We’re checking out three releases that might have escaped your radar this past week, as we look at new DLC content for GreedFall, co-op puzzle adventure Mina & Michi and the dark sci-fi resource management title Despotism 3K.
GreedFall – The De Vespe Conspiracy DLC launches with Gold Edition
We reviewed GreedFall back in 2019, but Spiders’ action RPG was just re-released as a Gold Edition that features next gen enhancements as well as a brand new DLC chapter – the De Vespe Conspiracy. If you originally bought the base game or got the game for free through PlayStation Plus, you can also buy the new content separately.
Most of the next gen enhancements are the usual 4K upgrades to the visuals alongside faster load times and higher frame rates, so for most players the new content will be the biggest draw here. It’s been integrated into the main game, so you’ll have to have progressed a bit before you can access it – unless of course you have an existing save game you can go back to.
If not, then you’ll have to reach the quests “Searching for Constantin” and “On the high king’s trail” during your campaign first. At that point, you can head into any camp and there should be a letter to interact with, which kicks off the new story. The De Vespe Conspiracy is integrated into the base game, so it expands on the game world and story, letting you head into a new region called Teer Fradee to try and uncover a dangerous conspiracy.
With new enemies as well as new weapons and costumes, this is a content-heavy expansion. The narrative is also interesting, but you’ll uncover everything this conspiracy has to offer in about three to four hours – so it’s definitely not the longest DLC chapter ever released. If you enjoyed Greedfall, however, then this is a solid expansion that doesn’t break the bank but gives you a good few more hours of gameplay.
Mina & Michi review (PS4)
Another indie release from Eastasiasoft, Mina & Michi is a conversion of a game that was originally released on Steam last year. Designed for cooperative play but also playable as a solo game, this is a puzzle adventure that’s now made it to consoles.
Mina and Michi are best friends who stick together as they solve puzzles and defeat enemies, which means that in a solo game you’re controlling both characters at once. Because Michi is actually invulnerable this is quite doable, but the game is much more fun when players work together – which is where Michi’s invulnerability becomes a big plus when playing together with a younger and/or less experienced player.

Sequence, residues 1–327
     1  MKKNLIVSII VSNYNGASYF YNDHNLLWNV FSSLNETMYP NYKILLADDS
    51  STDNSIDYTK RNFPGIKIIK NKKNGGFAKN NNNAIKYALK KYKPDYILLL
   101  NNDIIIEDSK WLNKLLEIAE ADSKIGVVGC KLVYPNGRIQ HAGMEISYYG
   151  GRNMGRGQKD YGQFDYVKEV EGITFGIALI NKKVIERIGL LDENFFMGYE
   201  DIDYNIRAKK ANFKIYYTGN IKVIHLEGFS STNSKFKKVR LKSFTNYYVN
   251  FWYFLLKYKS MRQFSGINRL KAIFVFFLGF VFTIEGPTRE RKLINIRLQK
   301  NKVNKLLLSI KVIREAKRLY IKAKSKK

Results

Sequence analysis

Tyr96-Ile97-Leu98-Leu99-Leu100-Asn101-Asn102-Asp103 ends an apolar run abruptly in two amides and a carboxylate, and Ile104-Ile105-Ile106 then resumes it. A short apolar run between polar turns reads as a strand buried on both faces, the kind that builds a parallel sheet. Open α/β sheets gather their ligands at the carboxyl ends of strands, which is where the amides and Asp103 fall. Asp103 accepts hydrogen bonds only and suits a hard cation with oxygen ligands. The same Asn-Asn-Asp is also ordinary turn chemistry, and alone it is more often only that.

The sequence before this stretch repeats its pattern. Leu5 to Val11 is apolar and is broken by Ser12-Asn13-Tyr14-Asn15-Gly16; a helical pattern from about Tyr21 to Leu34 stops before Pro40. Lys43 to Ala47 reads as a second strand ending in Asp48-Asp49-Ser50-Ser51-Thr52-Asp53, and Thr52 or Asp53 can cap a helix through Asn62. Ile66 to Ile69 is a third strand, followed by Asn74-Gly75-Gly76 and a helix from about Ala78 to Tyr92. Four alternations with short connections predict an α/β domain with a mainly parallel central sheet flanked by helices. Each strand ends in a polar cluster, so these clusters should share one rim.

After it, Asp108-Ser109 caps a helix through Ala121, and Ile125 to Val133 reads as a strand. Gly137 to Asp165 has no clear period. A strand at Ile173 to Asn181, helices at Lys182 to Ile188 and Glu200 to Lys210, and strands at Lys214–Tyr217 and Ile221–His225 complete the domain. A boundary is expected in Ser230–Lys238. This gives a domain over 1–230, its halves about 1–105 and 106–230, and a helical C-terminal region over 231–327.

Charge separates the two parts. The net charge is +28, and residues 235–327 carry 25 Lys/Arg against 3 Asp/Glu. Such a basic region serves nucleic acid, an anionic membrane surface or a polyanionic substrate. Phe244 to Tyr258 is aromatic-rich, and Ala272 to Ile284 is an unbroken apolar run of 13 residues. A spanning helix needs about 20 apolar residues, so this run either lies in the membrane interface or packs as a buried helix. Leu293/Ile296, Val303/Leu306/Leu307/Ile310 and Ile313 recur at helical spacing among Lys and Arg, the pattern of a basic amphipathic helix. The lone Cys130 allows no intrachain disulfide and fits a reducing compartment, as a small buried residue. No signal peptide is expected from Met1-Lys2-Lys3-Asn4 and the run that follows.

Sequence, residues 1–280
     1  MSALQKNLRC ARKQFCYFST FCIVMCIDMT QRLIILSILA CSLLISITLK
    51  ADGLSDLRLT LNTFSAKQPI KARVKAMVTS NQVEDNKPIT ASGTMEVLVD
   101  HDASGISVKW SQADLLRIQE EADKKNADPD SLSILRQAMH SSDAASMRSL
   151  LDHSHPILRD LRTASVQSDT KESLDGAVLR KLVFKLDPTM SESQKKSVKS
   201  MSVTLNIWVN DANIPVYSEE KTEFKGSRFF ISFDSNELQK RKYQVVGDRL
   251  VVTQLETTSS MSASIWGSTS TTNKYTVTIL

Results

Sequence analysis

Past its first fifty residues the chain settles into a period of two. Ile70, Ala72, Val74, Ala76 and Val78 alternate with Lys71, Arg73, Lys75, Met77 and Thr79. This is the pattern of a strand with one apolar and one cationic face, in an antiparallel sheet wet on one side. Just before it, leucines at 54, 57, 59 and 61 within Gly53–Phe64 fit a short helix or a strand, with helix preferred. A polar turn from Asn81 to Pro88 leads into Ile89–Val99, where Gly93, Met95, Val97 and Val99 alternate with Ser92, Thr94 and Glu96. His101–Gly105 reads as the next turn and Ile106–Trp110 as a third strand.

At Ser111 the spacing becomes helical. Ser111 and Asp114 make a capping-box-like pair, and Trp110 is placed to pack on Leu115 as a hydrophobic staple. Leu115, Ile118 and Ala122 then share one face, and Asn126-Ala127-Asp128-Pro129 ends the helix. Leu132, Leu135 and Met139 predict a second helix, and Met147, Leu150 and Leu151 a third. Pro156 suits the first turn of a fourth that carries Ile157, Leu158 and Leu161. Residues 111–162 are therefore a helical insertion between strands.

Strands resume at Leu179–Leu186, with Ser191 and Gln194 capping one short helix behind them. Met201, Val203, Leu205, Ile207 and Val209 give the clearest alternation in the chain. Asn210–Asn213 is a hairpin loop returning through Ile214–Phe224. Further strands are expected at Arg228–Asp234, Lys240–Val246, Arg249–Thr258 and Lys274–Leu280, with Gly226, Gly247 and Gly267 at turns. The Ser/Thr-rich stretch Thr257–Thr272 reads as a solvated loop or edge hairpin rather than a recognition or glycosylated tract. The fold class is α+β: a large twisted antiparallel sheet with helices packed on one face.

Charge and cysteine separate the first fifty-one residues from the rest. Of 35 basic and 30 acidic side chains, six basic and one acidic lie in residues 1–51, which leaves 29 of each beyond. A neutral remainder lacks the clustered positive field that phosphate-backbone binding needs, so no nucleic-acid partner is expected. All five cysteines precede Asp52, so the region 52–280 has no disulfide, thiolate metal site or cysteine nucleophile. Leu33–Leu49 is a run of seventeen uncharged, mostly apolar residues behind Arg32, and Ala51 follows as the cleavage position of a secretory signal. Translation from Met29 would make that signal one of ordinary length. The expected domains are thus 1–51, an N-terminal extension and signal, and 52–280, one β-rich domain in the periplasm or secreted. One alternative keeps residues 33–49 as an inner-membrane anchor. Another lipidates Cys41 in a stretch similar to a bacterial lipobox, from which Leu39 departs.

There are other minor differences between Mina and Michi, but you’ll find that the majority of the gameplay is all about sliding block puzzles and carefully timing your movements to avoid traps. There are (goo-like) enemies to fight as well, but Michi’s invulnerability makes combat mostly forgettable – perhaps with the exception of boss fights. This one’s very accessible, and contains an easy trophy list to match.
Visually, Mina & Michi gave me a strong flashback to Milo’s Quest, which was released on consoles not too long ago and features very similar graphics. There’s a pleasant soundtrack to support the retro-style 8/16-bit graphics, which is perfectly functional for a puzzle game with mild action elements. And with a cheap price tag, this is a good choice if you enjoy games that offer a diversion for about an hour or two – with local co-op as a big plus.
Despotism 3k review (PS4)
This one arrived on our digital doorstep as a bit of a surprise, as Despotism 3K was originally released by Konfa Games way back in 2018. It’s recently been ported to consoles by publisher OverGamez though, giving new players access to a game we didn’t think was console-bound for a long time.
Despotism 3K is a resource management game set against a backdrop of humankind having been overrun by an AI – which is you! Humans are now resources, and are your key to expanding your dominion over the planet. You’ll still have to take care of them to make sure they stay healthy (enough) to work for you if you don’t want to recycle them instead – and yes, that can definitely mean recycling in the Soylent Green sense.
There’s a kind of dark silliness to everything in Despotism 3D, with a strange sense of humor that can suddenly throw Lovecraft’s Cthulhu at you or show you suggestive imagery of humans in a breeding chamber. There are also plenty of pop culture references in the game, ranging from the Marvel universe to popular literature – welcome nods in what can otherwise feel a bit grindlike thanks to the roguelike nature of the game.
Despotism 3K is challenging, and its mechanics can be a bit of a mystery at times, as you learn about what works and what doesn’t through trial and error. There’s always a human uprising just around the corner it seems, so life as an evil AI overlord can be frustrating and repetitive. For that reason all the subtle and not-so-subtle nods and humor are definitely welcome. This is a game that’s hard to stick with for hours on end, but each individual run is made fun by how silly and original the developers are approaching the rogue AI angle.